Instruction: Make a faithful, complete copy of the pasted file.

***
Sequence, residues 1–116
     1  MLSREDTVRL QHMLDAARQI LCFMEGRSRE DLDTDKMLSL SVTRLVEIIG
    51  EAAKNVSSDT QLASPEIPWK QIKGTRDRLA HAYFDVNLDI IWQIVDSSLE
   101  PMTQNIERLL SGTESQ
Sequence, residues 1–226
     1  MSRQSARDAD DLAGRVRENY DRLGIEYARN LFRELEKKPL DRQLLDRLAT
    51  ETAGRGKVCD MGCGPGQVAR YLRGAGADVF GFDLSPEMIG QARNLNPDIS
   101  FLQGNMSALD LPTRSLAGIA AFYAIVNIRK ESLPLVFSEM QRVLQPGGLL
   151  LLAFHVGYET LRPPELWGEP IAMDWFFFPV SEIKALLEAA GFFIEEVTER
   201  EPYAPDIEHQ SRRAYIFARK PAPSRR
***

Sequence, residues 1–116
     1  MLSREDTVRL QHMLDAARQI LCFMEGRSRE DLDTDKMLSL SVTRLVEIIG
    51  EAAKNVSSDT QLASPEIPWK QIKGTRDRLA HAYFDVNLDI IWQIVDSSLE
   101  PMTQNIERLL SGTESQ
Sequence, residues 1–226
     1  MSRQSARDAD DLAGRVRENY DRLGIEYARN LFRELEKKPL DRQLLDRLAT
    51  ETAGRGKVCD MGCGPGQVAR YLRGAGADVF GFDLSPEMIG QARNLNPDIS
   101  FLQGNMSALD LPTRSLAGIA AFYAIVNIRK ESLPLVFSEM QRVLQPGGLL
   151  LLAFHVGYET LRPPELWGEP IAMDWFFFPV SEIKALLEAA GFFIEEVTER
   201  EPYAPDIEHQ SRRAYIFARK PAPSRR